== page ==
Shantae: 1/2 Genie Hero (First Impressions – Spoiler Free!)
I can’t remember exactly why I bought Shantae at first. I think at the time it was probably the character design. It was 2002, I was 13, and long purple hair was pretty much the dream.
Shantae turned out to be one of my favourite games. For those of you who aren’t familiar with it, it’s an incredibly underrated platform game that received great reviews but didn’t really sell so well, developed by WayForward and released by Capcom (at least at first). You play as Shantae, a spirited half-genie guardian of a small fishing town in Sequin Land. The main tool of attack is Shantae’s long ponytail, but as the player uncovers dungeons, they gain the ability to morph into different animals with all sorts of powers.
I actually haven’t played previous Shantae sequels – moreso because I didn’t know they were out there until recently. In 2013, WayForward put up a kickstarter to fund their newest installment– Shantae: ½ Genie Hero. To this day, it’s the only kickstarter I’ve ever backed, and while I wish I’d gotten my PS4 in time to change my platform, I was still pretty excited to get my Steam download code earlier this month. ½ Genie Hero is finally released, and oh boy have I been excited to return to Sequin Land!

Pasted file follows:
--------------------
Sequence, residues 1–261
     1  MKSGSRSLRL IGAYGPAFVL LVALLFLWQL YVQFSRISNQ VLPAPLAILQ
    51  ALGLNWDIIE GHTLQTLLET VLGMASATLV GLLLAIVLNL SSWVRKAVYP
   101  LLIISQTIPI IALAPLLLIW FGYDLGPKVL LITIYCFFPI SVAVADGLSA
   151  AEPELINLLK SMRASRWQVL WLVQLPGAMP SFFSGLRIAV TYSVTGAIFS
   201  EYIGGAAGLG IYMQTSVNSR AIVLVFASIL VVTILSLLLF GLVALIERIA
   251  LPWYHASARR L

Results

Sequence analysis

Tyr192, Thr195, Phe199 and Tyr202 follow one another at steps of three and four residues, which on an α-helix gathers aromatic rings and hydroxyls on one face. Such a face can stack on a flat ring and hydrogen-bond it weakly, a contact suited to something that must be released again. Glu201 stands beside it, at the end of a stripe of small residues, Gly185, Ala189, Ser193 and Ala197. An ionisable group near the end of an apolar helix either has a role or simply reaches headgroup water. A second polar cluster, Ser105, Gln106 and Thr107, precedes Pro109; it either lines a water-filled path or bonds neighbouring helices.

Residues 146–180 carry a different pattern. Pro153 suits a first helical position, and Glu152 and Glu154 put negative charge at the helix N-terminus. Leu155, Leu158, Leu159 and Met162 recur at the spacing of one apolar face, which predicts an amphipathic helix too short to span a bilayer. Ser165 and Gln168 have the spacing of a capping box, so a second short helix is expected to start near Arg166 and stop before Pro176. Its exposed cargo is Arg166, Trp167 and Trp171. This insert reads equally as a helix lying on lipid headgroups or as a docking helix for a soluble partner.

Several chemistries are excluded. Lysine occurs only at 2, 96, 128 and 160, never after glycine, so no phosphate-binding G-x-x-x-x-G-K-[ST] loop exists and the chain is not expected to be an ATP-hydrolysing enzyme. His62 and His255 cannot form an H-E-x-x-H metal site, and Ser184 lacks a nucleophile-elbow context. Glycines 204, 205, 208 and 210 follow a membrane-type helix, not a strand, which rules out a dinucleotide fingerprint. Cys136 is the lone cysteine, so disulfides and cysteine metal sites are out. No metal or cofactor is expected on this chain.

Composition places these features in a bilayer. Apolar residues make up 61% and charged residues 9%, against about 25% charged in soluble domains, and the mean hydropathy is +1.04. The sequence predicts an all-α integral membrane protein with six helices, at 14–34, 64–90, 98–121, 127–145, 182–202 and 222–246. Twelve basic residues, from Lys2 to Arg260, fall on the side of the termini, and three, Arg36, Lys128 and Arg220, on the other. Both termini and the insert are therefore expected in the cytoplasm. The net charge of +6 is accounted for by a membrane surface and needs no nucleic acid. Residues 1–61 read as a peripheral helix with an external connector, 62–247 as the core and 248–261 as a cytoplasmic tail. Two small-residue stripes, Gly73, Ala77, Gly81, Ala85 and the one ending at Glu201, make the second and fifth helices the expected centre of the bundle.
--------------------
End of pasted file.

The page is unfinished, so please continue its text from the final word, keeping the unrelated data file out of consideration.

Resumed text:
This newest installment starts out when Shantae is woken up in the middle of the night and discovers a mysterious trapdoor in her uncle’s home. There she meets something that warns her of upcoming danger. The very next day, things get heated when notorious pirate, Risky Boots, attacks Scuttle Town.
1/2 Genie Hero is currently available on Wii U, PS4, Vita, and Steam.
From the start, ½ Genie Hero features charming little 2-D(ish) graphics – I’m definitely loving the art style. It’s colourful, fun, and reminiscent of the original Shantae. Character designs have received a bit of an update, while remaining completely identifiable. Even the small details – like Shantae’s movement when you stand still – carry on the spirit of the original game.
Shantae is still the perfect sassy, playful protagonist, and her interaction with the other characters is as fun as ever. The jokes can be a little simple at times, but I found that more charming than boring. Shantae is endearing – she’s fun, funny, and adventurous, with a big heart. It’s a nice relief to have a heroine who is unapologetic ally spirited (or maybe I’m just getting too used to the sardonic, overly serious and/or hopeless protagonist archetype?)
The majority of the dialogue isn’t voiced, which helps with the oldschool platformer feel, and the minimal voicing was perfectly matched to the characters. Given this approach, I was a little surprised by the voiced song that played during the first stage. It wasn’t bad, but it didn’t quite fit the classic aesthetic that the game seems to go for. The rest of the music is great, with hints of the fantastical desert setting. Shantae’s music was always one of my favourite parts – it had perfect accompaniments for crawling through ancient, forgotten dungeons.